Also called Grinding, Roughing or Rough Grinding. These finishes are coarse in nature and usually are a preliminary finish applied before manufacturing. An example would be derburring or removing excess weld material. It is coarse in appearance and applied by using 36-100 grit abrasives. When the finish is specified as #3, the material is polished to a uniformed 60-80 grit.
Also called brushed, directional or SATIN finish. A #4 architectural finish is characterized by fine polishing grit lines that are uniform and directional in appearance. It is produced by polishing the metal with a 120-180 grit belt or wheel finish and then softened with an 80-120 grit greaseless compound or a medium non woven abrasive belt or pad.
This finish is commonly used for the medical and food industry - almost exclusively used on stainless steel. This finish is much "finer" than a #4 architectural finish. Great care should be taken in removing the surface defects in the metal - like pits - that could allow bacteria to grow. A #5 Diary or Sanitary finish is produced by polishing with a 180-240 grit belt or wheel finish softened with 120-240 grit greaseless compound or a fine non woven abrasive belt or pad.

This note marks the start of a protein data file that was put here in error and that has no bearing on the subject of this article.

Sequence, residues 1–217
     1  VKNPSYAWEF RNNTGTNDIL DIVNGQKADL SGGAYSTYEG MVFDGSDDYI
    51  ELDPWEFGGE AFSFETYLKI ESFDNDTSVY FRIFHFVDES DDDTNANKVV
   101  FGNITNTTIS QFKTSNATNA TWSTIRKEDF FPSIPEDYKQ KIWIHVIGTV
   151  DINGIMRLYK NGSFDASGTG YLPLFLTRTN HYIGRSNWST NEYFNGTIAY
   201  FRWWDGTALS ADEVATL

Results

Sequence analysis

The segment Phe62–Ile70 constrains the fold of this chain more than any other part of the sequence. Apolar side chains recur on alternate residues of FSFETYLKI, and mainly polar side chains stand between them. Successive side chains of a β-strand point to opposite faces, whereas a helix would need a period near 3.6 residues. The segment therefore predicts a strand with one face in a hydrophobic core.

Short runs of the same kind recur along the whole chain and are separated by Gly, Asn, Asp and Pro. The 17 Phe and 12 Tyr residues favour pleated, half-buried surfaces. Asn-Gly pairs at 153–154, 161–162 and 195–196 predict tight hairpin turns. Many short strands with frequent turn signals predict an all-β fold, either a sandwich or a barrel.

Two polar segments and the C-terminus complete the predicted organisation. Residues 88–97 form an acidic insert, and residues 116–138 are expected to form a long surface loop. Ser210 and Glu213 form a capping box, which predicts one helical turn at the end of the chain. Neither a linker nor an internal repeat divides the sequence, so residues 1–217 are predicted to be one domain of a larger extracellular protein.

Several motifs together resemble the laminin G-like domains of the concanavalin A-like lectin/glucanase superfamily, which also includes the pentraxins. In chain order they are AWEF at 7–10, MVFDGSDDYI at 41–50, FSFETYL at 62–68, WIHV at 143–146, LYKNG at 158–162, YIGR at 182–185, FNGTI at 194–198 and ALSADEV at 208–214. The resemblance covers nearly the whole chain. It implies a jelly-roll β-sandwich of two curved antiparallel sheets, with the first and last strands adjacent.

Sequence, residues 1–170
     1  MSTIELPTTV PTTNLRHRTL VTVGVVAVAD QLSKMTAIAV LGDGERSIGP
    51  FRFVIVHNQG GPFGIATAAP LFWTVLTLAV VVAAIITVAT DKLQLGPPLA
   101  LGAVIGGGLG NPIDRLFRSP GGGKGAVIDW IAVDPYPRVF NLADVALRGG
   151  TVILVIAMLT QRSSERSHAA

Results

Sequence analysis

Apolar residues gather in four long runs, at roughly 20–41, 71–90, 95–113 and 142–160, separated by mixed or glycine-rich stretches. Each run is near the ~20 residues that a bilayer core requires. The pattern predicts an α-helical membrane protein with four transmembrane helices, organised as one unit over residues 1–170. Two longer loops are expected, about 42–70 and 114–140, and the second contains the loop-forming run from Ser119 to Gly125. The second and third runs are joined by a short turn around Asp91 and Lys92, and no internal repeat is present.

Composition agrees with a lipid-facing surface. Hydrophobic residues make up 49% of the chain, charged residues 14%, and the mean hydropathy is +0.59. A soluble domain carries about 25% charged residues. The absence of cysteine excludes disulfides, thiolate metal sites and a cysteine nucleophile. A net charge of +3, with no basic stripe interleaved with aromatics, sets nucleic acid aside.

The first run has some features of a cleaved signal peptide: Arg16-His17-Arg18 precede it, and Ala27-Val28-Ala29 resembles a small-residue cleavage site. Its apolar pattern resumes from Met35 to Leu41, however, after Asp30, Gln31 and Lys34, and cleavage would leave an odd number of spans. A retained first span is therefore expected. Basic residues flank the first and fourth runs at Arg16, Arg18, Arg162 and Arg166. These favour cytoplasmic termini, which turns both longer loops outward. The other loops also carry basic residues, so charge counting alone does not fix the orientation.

This finish is produced by polishing with a 220-280 grit belt or wheel softened with a 220-240 greaseless compound or very fine non woven abrasive belt or pad. Polishing lines should be soft and less reflective than a #4 Architectural Finish.
A #7 Finish is produced by polishing with a 280-320 belt or wheel and sisal buffing with a cut and color compound. This is a semi-bright finish that will still have some polishing lines but they should be very dull. Carbon steel and iron are commonly polished to a #7 finish before chrome plating. #7 finish can be made bright by color buffing with a coloring compound and a cotton buff.
This finish is produced by polishing with at least a 320-400 Grit belt or wheel finish. The part is sisal buffed and then color buffed to achieve a mirror finish. The quality of this finish is dependent on the quality of the metal being polished. Some alloys of steel and aluminum cannot be brought to a mirror finish. Castings that have slag or pits will also be difficult - if not impossible - to polish to a #8.